We cannot agree with this view of Gilmer because a collective and perhaps a class action remedy was, in fact, available in that case. As set forth above, the Supreme Court explicitly noted that the arbitration rules of the NYSE provided for the conduct of collective arbitration. Gilmer, 500 U.S. at 32. *** The statement in Gilmer that the arbitration clause would be enforceable "even if" class remedies were available evidences that the Court itself was uncertain, but acknowledged the probability, that class actions were feasible under the NYSE's rules. Moreover, it is dicta that does not apply here. The plaintiffs do not proffer the argument rejected in Gilmer, namely that the class action waiver is unenforceable merely because the relevant statute allows class actions. Rather, the conundrum presented by the instant appeal is more nuanced: whether the mandatory class action waiver in the Card Acceptance Agreement is enforceable even if the plaintiffs are able to demonstrate that the practical effect of enforcement of the waiver would be to preclude their bringing Sherman Act claims against Amex in either an individual or collective capacity.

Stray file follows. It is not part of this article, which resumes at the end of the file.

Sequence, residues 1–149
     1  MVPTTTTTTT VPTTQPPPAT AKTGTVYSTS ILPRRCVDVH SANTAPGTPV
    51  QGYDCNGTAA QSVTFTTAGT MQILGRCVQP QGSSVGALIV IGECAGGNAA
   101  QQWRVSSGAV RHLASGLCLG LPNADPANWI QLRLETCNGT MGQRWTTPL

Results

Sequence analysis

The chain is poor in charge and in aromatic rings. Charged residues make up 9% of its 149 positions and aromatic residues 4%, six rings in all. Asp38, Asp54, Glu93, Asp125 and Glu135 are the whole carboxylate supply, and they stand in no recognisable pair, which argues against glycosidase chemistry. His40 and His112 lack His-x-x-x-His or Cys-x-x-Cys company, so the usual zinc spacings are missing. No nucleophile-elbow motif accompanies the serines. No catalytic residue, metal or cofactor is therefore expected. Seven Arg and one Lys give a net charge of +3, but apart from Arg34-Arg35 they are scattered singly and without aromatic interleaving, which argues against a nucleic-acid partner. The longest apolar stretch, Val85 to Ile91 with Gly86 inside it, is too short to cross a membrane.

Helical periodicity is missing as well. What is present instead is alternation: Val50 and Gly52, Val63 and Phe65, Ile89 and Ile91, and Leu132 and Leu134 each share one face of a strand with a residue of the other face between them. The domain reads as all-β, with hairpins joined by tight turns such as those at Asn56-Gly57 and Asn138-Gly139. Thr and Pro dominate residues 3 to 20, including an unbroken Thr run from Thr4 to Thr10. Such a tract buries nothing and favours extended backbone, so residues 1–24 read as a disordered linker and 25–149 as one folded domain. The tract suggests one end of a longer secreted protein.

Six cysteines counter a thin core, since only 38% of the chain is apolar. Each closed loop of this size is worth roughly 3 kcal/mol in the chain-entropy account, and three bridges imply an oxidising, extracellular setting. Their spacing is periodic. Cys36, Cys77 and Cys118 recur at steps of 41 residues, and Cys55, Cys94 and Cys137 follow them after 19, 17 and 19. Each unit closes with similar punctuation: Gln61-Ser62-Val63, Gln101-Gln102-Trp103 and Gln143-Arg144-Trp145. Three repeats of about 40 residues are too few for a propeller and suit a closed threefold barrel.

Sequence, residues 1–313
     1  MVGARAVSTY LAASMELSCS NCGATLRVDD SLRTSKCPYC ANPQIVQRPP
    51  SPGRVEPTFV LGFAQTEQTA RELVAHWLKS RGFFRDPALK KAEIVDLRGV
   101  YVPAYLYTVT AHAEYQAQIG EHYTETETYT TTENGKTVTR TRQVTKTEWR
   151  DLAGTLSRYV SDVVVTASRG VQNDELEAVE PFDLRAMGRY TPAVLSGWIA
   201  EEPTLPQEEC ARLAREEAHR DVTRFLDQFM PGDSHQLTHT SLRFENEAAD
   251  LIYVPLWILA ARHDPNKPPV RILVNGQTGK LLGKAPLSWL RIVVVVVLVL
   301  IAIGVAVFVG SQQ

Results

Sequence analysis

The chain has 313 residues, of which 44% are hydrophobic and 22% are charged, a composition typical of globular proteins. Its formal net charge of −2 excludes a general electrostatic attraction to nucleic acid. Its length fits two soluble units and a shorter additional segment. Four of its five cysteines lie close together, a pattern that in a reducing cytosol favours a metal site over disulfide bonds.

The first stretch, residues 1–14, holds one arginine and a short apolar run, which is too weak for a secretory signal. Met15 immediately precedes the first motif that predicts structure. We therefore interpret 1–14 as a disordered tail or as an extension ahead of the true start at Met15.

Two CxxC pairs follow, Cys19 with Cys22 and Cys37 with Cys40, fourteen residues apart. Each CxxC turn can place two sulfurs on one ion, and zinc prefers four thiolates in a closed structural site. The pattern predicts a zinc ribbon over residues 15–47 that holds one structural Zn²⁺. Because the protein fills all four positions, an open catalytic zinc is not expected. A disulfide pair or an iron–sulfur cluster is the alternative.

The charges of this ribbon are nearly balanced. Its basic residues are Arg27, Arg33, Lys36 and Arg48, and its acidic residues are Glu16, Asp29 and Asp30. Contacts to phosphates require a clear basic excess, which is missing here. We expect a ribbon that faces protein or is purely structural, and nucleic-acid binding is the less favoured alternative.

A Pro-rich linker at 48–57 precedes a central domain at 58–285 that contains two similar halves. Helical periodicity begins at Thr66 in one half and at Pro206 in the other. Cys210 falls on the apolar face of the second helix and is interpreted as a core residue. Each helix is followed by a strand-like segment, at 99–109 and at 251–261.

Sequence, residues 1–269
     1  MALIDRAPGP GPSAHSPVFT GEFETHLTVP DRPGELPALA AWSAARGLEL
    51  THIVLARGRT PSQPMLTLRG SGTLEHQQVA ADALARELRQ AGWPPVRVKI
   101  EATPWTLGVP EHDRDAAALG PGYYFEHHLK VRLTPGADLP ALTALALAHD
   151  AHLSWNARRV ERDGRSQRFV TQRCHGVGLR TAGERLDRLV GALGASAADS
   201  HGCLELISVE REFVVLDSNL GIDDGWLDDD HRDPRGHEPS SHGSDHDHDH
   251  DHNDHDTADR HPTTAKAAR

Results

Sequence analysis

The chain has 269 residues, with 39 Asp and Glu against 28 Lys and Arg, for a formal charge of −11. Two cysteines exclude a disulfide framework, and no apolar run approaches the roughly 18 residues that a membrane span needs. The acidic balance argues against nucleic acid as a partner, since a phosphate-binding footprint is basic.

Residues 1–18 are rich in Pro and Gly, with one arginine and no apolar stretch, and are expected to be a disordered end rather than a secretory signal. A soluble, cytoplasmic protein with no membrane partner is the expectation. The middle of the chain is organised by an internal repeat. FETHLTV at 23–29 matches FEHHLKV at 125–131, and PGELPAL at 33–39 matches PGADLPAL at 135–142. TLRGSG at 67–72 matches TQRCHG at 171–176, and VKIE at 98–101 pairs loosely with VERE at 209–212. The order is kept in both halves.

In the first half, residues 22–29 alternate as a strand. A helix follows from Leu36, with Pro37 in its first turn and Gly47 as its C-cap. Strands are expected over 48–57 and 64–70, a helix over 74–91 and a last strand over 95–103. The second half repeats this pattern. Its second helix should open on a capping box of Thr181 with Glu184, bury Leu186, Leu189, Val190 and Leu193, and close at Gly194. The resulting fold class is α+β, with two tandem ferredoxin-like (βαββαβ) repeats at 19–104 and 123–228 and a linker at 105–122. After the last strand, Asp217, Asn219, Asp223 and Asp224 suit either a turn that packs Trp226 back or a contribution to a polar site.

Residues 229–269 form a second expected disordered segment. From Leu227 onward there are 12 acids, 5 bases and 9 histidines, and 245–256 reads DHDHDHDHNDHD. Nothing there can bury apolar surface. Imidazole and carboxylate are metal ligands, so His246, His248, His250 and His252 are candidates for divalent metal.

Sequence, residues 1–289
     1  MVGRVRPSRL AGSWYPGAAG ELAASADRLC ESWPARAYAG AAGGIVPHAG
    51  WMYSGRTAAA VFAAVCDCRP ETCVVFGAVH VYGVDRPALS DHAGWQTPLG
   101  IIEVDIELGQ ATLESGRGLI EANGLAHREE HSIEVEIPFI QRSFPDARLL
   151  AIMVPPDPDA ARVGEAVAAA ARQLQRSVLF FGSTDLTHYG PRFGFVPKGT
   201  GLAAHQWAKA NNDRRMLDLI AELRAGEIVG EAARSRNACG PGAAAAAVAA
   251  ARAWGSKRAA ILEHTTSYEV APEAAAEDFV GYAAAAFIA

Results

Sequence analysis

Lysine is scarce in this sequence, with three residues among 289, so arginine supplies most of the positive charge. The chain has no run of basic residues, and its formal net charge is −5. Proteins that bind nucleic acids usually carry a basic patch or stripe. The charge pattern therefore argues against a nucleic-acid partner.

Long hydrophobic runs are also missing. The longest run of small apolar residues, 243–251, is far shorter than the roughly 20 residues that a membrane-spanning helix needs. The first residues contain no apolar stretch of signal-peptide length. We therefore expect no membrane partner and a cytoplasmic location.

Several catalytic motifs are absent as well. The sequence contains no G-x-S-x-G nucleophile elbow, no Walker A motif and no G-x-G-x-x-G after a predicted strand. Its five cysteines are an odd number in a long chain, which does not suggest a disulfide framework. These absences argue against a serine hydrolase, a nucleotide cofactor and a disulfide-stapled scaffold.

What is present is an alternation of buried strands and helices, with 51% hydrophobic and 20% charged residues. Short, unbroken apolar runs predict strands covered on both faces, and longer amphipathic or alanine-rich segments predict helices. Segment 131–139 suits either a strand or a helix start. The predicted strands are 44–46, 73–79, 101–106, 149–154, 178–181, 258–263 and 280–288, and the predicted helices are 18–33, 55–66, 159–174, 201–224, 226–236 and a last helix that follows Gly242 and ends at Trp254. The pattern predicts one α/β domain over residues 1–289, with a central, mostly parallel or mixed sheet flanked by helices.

Green Tree Financial Corp.-Alabama v. Randolph also involved the enforcement of a statutory right, this time under the TILA. 531 U.S. 79 (2000). The specific issue to be decided was "whether an arbitration agreement that does not mention arbitration costs and fees is unenforceable because it fails to affirmatively protect a party from potentially steep arbitration costs." Randolph, 531 U.S. at 82. The plaintiff argued "that the arbitration agreement's silence with respect to costs and fees creates a 'risk' that she will be required to bear prohibitive arbitration costs if she pursues her claims in an arbitral forum, and thereby forces her to forgo any claims she may have had against [the defendants]." Id. at 90. The Supreme Court rejected this argument because the plaintiff had proved no more than that the asserted "risk" was hypothetical***>Other Circuits also observed that a plaintiff could challenge a class action waiver clause on the grounds that it would be a cost prohibitive method of enforcing a statutory right, provided that a plaintiff set forth sufficient proof to support such a finding. See, e.g., In re Cotton Yarn Antitrust Litig., 505 F.3d 274, 285 (4th Cir. 2007) ("[I]f a party could demonstrate that the prohibition on class actions likely would make arbitration prohibitively expensive, such a showing could invalidate an agreement."); Livingston v. Assocs. Fin., Inc., 339 F.3d 553, 557 (7th Cir. 2003) ("In the present case, the [plaintiffs] have not offered any specific evidence of arbitration costs that they may face in this litigation, prohibitive or otherwise, and have failed to provide any evidence of their inability to pay such costs . . . ."); Adkins v. Labor Ready, Inc., 303 F.3d 496, 503 (4th Cir. 2002) ("[Lead plaintiff] makes no showing of the specific financial status of any of the plaintiffs at the time this action was brought. He provides no basis for a serious estimation of how much money is at stake for each individual plaintiff.").